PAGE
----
Career advice articles litter the Internet; how to write a cover letter, how to write a CV, how to interview well, how to sell yourself, how to get your dream job etc. etc.
Most articles repeat the same-old, same-old sage advice that quite frankly, as a serious career seeker, you should already know. Some try to get creative with clever intros and themes but most simply skim the surface of what is a really a very deep and desperate issue. They tiptoe around the truth with euphemisms, politically correct phrases, positive reinforcement and soft sensitively-written advice.
Well, at the risk of being rude, we think it’s time for some cold hard truth; a harsh reality check. Instead of more ‘how-to’ advice, Quest tells us why so many career seekers suck at getting a call back, never mind a job!
You fooled yourself, but you can’t fool us
You do not have the qualifications and skills required for the job. “No amount of smooth talking or charm can hide the fact that you do not meet the minimum requirements of the job, especially in an interview or when assessments are conducted,” says Kay Vittee, CEO of Quest Staffing Solutions, Africa’s leading staffing solutions company in the white collar recruitment industry.
Your references were either not available or unsuitable; nominating a colleague, friend or family member as a reference holds no merit, references need to be individuals who are able to give an unbiased and accurate account of your skills and behaviour, ideally direct management or in positions of authority.
Unexplained big gaps in your employment record will never go unnoticed. Provide honest reasons as to why you were or are out of work and be prepared to discuss these in an interview.
Your online reputation preceded you
Let’s be honest here, every recruiter or potential employer will search your name on Facebook, Twitter, LinkedIn and similar. Not necessarily to dig up dirt but to look at how highly you regard your own image and reputation and therefore how respectfully you will look after theirs.
“Ensure that your privacy settings are set on your social media profiles and be careful about what you make public, and remember what goes online, stays online,” says Vittee.
You were rude
You arrived late for your interview. Even a few minutes late is not on. Very often the interviewer has other interviews scheduled before and after yours and your poor timekeeping messes with theirs.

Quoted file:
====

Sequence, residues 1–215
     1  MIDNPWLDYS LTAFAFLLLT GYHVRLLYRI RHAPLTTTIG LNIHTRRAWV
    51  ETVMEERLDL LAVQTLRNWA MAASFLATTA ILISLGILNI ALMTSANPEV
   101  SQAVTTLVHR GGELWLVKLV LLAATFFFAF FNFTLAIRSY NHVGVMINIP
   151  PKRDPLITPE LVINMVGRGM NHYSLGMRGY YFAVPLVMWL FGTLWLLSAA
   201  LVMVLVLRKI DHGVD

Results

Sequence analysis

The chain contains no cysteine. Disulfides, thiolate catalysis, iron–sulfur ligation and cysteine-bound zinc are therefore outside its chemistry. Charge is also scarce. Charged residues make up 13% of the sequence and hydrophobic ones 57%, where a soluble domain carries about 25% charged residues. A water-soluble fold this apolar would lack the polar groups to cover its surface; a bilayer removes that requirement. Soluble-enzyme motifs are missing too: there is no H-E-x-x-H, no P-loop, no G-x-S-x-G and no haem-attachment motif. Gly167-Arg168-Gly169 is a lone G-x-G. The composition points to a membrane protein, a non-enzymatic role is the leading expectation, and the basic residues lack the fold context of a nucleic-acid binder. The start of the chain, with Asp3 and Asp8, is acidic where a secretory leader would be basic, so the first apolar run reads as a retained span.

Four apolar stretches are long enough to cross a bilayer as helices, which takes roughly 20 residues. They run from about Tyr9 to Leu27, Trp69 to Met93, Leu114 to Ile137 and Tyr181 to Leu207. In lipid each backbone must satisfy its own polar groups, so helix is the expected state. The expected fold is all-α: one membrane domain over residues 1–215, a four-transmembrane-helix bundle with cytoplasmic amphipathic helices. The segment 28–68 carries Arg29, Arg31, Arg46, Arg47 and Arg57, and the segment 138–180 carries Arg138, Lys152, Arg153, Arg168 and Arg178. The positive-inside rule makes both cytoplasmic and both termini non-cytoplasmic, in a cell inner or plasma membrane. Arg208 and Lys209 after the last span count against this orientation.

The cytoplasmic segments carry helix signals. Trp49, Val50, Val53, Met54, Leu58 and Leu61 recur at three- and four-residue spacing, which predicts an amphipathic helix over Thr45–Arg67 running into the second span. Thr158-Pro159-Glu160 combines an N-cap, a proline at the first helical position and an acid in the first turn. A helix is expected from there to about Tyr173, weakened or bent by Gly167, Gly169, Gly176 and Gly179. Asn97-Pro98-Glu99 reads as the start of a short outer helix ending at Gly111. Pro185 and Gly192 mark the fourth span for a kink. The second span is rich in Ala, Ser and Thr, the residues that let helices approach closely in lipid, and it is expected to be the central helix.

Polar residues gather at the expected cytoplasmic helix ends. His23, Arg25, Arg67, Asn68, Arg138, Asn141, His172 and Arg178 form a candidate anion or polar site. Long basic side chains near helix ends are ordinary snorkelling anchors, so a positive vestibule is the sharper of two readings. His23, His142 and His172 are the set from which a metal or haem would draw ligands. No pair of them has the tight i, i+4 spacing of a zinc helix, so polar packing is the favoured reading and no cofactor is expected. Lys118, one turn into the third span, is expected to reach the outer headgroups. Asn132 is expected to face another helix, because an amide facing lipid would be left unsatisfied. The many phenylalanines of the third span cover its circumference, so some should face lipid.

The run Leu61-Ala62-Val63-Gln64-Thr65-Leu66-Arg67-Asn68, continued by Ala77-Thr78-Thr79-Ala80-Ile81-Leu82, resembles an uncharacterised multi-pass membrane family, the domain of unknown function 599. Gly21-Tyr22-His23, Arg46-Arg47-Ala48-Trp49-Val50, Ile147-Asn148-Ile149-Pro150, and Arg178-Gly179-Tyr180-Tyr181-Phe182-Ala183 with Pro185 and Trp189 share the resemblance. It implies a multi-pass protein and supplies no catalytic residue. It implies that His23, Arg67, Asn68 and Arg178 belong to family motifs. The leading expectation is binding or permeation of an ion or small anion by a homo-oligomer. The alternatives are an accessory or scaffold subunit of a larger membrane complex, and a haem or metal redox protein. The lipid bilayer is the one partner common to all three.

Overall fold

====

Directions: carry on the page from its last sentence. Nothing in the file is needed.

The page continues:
You dressed inappropriately. Poor attire and lack of care for how you look shows disrespect and can make the worst kind of first impression.
You were too familiar too soon. A professional greeting is so important. ‘Hi’, ‘howzit’, ‘what’s up’ and a fist bump do not qualify.
Your body language was all-wrong. “So much can be said without words,” says Vittee. “Arms folded, wondering eyes, fidgeting, tapping foot etc. all send out unspoken messages.” Be sure to present yourself confidently, positively and honestly.
You badmouthed your previous employer and this is an absolute no-no!
You were unprepared
You did not do your homework on the company and your silly questions revealed that. Find out all you can about your potential employer.
You had nothing to ask. “This not only shows that you are not taking this opportunity seriously, it shows that you are not taking your career seriously. Prepare questions that demonstrate that you did your research and that you have some knowledge and insight into the business, the industry and how well you can contribute to both,” advises Vittee.
You were too money hungry
You asked about salary too soon. Let the interviewer be the first to raise the subject of remuneration, and only if they don’t, do you.
Your salary expectations were unrealistic. “Look at salary surveys and industry reports on what the average salary for your job type and seniority is, this will give you sound support for your expectations,” says Vittee.
You didn’t say thank you
You did not send an email to the interviewer saying thank you for his or her time. This is also a great way to remind him or her of you and ensure they have your correct contact information right at hand.
Then there are some reasons that have nothing to do with you and in these cases you should not take the rejection personally, but in all other cases, do – it’s your career after all:
The job was cancelled because of budget or organisational issues
The job was filled internally
You are not a cultural match to the organisation
As much as the truth hurts, it empowers. Now go get that job!